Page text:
Periodically, all Colorado judges face retention elections. This year all state voters considered one State Supreme Court Justice and ten Court of Appeals judges (all eleven of which were recommended for retention). Voters considered a total of 61 District Court judges on a district by district basis of which two of the sixty-one District Court judges facing retention elections were recommended for retention, an two receive "do not retain" recommendations. And, voters considered on a county by county basis, thirty-five County Court judges, all of whom were recommended for retention. In all, 107 judges faced retention elections this year, but only two were not recommended for retention.
The longest judicial retention election ballot was in Denver, where voters considered all 11 appellate judges and 18 district and county court judges, all 29 of whom were recommended for retention. El Paso County voters considered 9 district and county court judges, Jefferson County voters considered 8, Arapahoe and Adams County voters considered 7, Douglas, Elbert, Lincoln, Teller and Broomfield county voters considered 6, Larimer County voters considered 5, Clear Creek, Eagle, Lake, Summit, Mesa and Weld County voters considered 4, and voters in each of the other 46 counties in Colorado considered three or fewer District and County Court judges.
Just two of the judges facing retention this year were given "do not retain" recommendations and one was retained anyway. Just three of the last ten judges recommended to not retain were removed (receiving an average 54 percent of the vote). According to 9News:
Judge Jill-Ellyn Straus will lose her job as judge in the 17th judicial district (Adams & Broomfield counties) when her current term on the bench ends in January. 52 percent of voters decided to give Straus the boot. Her review flagged concerns about her demeanor in court and gave her poor marks on fairness and communication. More than 177,000 cast votes on the question of retaining Straus.
The other Colorado judge to earn a “do not retain” recommendation in the state’s official voter guide kept his job. Fifty-seven percent of voters in Southeast Colorado chose to keep 16th district (Bent, Crowley, and Otero counties) judge Michael Schiferl despite a review that found he appeared to chummy with the people in his courtroom along with poor legal writing and a lack of willingness to accept constructive criticism. Fewer than 8,000 voters cast votes in Schiferl’s more rural district.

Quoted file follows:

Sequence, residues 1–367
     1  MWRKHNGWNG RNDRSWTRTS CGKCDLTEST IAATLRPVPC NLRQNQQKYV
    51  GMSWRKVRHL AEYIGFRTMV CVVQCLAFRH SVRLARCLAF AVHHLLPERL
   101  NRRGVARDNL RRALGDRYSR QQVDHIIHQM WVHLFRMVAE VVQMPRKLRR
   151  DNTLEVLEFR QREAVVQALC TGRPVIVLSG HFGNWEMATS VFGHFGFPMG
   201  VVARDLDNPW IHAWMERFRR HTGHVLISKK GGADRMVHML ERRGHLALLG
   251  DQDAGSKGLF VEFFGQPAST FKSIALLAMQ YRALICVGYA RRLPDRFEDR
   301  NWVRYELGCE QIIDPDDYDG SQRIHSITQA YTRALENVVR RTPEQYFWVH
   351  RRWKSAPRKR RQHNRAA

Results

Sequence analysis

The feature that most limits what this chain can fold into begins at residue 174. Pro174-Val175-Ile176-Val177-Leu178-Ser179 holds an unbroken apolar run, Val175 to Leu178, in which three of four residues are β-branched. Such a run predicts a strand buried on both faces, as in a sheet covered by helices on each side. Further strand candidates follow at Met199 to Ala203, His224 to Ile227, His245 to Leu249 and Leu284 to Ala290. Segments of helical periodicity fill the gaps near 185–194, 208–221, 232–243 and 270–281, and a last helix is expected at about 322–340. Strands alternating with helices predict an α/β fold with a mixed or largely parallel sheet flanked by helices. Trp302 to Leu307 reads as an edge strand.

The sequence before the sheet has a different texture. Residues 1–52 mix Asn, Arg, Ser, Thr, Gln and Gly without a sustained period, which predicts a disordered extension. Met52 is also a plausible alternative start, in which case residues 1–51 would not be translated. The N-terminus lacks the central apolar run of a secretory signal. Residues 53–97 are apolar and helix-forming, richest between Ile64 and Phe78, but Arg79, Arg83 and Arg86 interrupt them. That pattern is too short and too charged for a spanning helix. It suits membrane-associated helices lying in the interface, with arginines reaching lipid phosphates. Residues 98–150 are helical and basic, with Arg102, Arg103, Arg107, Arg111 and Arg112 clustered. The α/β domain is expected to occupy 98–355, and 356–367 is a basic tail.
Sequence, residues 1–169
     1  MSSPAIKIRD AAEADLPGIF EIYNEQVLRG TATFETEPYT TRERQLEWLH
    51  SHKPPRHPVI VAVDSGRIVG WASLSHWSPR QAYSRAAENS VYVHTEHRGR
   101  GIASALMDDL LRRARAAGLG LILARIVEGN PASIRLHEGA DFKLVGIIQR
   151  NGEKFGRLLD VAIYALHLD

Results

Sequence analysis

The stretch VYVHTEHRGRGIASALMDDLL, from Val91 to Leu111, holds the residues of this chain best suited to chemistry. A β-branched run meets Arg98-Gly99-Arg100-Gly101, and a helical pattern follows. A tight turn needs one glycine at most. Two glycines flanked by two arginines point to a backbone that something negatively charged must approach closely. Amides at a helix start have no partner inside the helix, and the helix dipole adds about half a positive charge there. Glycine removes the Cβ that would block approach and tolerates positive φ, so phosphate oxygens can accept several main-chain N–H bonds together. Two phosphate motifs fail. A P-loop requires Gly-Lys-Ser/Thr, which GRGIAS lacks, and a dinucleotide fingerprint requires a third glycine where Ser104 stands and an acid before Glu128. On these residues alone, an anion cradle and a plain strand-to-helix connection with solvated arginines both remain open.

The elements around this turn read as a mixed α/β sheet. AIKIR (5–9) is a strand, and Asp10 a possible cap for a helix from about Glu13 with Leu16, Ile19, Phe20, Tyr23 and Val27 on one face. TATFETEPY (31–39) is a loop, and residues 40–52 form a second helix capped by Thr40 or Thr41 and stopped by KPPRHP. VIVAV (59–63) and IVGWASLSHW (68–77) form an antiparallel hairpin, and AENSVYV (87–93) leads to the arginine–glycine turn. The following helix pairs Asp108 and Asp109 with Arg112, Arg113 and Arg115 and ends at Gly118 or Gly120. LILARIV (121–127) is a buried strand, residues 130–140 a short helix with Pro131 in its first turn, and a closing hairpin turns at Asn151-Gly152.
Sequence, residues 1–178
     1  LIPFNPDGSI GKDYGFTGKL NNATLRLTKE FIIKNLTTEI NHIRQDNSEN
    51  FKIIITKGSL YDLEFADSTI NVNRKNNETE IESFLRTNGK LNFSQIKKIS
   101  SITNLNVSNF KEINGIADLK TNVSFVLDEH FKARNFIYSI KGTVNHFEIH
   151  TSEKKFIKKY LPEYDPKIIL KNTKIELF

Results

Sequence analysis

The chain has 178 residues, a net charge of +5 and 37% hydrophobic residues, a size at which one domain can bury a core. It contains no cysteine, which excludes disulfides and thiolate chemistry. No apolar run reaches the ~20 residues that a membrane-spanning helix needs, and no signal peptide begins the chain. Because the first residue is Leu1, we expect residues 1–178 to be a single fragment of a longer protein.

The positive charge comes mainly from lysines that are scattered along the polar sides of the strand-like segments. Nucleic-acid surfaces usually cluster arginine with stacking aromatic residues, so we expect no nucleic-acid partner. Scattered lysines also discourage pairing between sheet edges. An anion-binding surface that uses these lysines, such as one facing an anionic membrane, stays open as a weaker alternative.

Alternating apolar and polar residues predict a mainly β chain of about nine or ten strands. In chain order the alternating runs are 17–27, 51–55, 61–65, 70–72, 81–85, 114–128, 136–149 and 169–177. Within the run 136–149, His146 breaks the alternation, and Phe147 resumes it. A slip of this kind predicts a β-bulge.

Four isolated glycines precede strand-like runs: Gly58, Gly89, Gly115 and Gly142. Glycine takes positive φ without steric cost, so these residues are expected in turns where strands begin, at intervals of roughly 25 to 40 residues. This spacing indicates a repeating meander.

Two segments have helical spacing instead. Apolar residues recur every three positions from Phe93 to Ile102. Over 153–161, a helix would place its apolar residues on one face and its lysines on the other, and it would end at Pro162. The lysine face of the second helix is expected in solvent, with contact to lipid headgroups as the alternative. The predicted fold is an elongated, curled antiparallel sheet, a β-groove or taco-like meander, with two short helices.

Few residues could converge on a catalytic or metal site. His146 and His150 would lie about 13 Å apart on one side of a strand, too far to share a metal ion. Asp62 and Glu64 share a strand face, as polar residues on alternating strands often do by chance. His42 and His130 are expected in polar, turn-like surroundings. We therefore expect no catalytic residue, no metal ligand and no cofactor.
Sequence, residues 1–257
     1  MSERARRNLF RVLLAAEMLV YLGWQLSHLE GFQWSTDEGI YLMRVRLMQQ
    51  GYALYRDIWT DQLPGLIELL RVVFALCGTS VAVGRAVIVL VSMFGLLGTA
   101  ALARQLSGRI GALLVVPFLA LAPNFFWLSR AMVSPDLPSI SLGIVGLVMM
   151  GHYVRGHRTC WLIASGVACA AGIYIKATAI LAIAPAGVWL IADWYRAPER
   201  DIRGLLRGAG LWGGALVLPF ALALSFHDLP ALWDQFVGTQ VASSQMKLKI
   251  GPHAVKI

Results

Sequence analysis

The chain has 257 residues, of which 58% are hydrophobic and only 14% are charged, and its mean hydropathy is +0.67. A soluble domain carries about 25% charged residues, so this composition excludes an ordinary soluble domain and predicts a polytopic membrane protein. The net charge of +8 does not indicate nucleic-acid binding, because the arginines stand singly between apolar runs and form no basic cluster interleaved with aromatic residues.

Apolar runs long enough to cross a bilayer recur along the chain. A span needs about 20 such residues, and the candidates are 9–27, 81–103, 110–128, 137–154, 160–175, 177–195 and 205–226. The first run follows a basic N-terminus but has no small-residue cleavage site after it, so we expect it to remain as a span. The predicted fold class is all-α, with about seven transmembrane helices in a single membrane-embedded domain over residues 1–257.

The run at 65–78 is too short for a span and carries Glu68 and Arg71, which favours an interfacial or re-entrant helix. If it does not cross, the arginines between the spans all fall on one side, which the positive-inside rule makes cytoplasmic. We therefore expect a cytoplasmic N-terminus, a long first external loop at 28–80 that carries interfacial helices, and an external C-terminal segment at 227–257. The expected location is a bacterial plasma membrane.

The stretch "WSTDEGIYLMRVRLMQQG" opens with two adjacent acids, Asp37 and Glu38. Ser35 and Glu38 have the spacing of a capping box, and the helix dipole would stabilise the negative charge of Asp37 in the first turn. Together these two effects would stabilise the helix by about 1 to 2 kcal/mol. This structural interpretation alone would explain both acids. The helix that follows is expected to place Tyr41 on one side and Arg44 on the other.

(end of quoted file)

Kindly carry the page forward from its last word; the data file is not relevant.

The Case For Reform Of Judicial Retention Elections
Routine judicial retention election races clutter the ballot and reduce scrutiny of judges who really need it.
I would favor a change to the system in which judicial retention is only placed on the ballot in cases (1) where judges receive a "no recommendation" or "do not retain" recommendation, (2) a supervising appellate court asks that a judge be placed on the ballot, (3) there is a petition to put a particular judge on the ballot, or (4) a majority of relevant politicians (a majority of either house of the state legislature for appellate judges, a majority of county commissioners in the judge's district for most judges, and a majority of city council for Denver District Court, Denver Probate Court, Denver Juvenile Court, or Denver County Court judges) request that a particular judge be placed on the ballot.
No politician who is entitled to appoint judges would have a say on eligibility for retention and the ultimate decision to retain or not would remain in the hand of voters.
This would dramatically shorten the ballot with virtually no change in outcomes, while focusing public attention on the judges whose performance actually does need to be reviewed. There are extremely few (if any) cases where a judge recommended for retention has not been retained, and no appellate judge in Colorado has ever not been retained.